Tuesday, October 8, 2013

Don Jon (2013)


Joseph Gordon-Levitt wrote and directed himself as the newest cast member on Jersey Shore.  His chiseled abs and bulging biceps strain to cover for his lack of height, his slicked-back, greased hair could ignite a forest fire should he encounter the smallest candle flame, his muscle car spouts the noise pollution of 1000 Priuses, and he is almost never seen sans gold chain and wife-beater.

The chain supports a gold crucifix openly displaying the centrality of Catholicism in his life.  Every Sunday, he confesses his sins with earnest energy to the priest the precise number of times he engaged in sexual intercourse out of wedlock and masturbated to Internet pornography.  Through voiceover, we learn Jon takes pride in his ability to scheme a pretty girl back to his pad, but he prefers a solo session of Internet porn to truly satisfy his urges. 

Jon may have a problem.  His Internet porn hobby occurs several times a day and always immediately following a round of out of wedlock sex with his club conquest passed out in bed.  These are grounds for concern.  This lifestyle description is only the setup though – perhaps Barbara Sugarman (Scarlett Johansson) can break Jon’s routine. 

Jon meets Barbara at the club, gets turned down which only makes him want her more, and through persistence, ends up in his first committed relationship.  Barbara is a good girl who won’t give it up until she is in love and wants to shape her man into what the romantic comedy movies tell her he should be.  Manipulating his urges, she gets Jon to enroll in night school and agree to meet each other’s family.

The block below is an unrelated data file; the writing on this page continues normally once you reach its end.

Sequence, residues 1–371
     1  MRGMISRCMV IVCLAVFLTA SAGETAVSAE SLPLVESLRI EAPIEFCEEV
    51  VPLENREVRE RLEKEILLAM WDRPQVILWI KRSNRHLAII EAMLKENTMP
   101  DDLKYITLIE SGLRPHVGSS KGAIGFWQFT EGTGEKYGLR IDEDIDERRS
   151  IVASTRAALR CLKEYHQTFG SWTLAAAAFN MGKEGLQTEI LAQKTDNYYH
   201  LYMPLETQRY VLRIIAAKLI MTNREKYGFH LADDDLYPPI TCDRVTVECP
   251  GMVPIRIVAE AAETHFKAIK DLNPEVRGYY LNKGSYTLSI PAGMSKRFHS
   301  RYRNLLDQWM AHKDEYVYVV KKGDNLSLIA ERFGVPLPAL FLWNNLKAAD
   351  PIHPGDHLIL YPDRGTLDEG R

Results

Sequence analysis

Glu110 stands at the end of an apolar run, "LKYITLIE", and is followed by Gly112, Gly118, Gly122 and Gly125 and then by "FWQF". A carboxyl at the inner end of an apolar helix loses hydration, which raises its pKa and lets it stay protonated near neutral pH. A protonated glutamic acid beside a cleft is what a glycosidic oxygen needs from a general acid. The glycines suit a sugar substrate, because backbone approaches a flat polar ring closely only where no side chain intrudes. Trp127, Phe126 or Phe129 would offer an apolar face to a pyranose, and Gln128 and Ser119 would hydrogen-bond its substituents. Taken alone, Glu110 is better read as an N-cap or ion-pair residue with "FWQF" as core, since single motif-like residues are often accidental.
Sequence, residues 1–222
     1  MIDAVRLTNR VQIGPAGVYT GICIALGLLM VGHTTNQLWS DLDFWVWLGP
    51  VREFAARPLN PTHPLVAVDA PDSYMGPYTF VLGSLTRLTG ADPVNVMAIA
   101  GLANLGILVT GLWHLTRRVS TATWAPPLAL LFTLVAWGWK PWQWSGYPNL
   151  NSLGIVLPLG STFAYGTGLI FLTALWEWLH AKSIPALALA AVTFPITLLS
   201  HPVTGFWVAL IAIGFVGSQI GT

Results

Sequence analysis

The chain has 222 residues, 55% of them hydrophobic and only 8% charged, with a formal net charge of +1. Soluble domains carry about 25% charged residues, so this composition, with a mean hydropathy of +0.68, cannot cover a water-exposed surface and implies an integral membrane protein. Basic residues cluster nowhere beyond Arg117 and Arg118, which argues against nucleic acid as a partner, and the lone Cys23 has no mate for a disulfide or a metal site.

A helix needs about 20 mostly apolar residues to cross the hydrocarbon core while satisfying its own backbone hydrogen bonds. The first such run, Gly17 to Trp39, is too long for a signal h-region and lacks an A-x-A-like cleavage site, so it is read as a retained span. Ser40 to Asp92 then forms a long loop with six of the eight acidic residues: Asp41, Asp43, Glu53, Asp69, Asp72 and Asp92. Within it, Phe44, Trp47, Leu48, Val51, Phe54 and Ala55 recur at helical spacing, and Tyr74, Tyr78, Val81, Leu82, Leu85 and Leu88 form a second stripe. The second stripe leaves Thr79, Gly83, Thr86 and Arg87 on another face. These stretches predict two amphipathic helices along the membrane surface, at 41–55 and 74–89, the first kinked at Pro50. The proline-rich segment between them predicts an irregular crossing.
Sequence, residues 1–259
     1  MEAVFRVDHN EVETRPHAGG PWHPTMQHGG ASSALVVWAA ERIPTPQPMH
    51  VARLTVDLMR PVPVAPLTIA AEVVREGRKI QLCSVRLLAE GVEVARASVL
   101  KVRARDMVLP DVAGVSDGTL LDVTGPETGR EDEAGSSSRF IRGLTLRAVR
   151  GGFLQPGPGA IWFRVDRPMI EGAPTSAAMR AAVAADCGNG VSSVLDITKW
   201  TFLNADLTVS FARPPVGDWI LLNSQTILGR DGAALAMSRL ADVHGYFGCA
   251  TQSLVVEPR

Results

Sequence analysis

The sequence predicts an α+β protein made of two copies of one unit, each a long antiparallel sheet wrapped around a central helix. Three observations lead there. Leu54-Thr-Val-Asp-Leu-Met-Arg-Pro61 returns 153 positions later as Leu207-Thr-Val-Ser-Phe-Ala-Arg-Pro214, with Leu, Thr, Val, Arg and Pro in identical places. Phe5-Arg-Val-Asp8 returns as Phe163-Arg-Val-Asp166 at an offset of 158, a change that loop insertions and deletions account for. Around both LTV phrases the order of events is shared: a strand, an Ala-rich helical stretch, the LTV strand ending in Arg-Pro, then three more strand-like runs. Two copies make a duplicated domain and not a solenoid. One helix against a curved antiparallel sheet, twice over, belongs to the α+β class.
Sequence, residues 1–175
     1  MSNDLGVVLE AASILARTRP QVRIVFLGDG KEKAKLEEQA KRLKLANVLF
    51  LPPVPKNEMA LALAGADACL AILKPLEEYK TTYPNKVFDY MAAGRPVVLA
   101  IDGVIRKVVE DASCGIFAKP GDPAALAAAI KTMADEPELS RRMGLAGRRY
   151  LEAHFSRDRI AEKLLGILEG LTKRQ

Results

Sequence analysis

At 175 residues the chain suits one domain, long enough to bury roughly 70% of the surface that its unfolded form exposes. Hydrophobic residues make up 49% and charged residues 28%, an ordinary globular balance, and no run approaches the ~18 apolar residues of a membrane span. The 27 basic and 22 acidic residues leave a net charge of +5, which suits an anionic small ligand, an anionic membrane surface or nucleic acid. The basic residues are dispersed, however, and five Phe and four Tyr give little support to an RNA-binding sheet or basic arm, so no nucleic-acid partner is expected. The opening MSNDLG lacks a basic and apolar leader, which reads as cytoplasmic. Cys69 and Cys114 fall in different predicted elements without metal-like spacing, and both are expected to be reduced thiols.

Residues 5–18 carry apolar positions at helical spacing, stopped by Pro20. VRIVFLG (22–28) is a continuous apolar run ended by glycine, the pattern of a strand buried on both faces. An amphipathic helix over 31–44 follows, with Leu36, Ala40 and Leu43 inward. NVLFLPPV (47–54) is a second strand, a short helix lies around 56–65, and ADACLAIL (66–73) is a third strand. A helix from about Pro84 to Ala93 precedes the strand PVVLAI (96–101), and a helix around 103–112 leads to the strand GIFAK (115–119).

Night school is a drag but bringing Barbara home to meet mom (Glenne Headly) and dad (Tony Danza) is scarier than any nightmare.  Mom’s only concern in life is seeing her baby meet a girl, settle down, and have a dozen kids and will worry him to death until it happens.  Dad uses high-voltage vulgar language to yell at the football games on TV and is more than prepared to get upset at the slightest provocation. 

Don Jon is Gordon-Levitt’s directorial debut.  He pulls off the creative trifecta.  His script is fresh and original, his acting is believable, and his film is memorable.  Played by a harsher actor without as much of a kid’s face, Jake Gyllenhaal or Ryan Gosling, Don could have been a real schmuck.  Instead, Jon shows us he has room for improvement, not only with women, but in evaluating what is most important is his life.

Most guys in their twenties fixate on their body, their pad, their ride, and their friends.  Jon includes his family and his church - you would suspect this would provide him a bit more depth as a human being; however, he remains quite shallow and extremely selfish.  Here is a kid who needs to learn some hard lessons and hopefully emerge a better man on the other side.  Gordon-Levitt is just the guy to show us and at the same time make us care about this transformation.       

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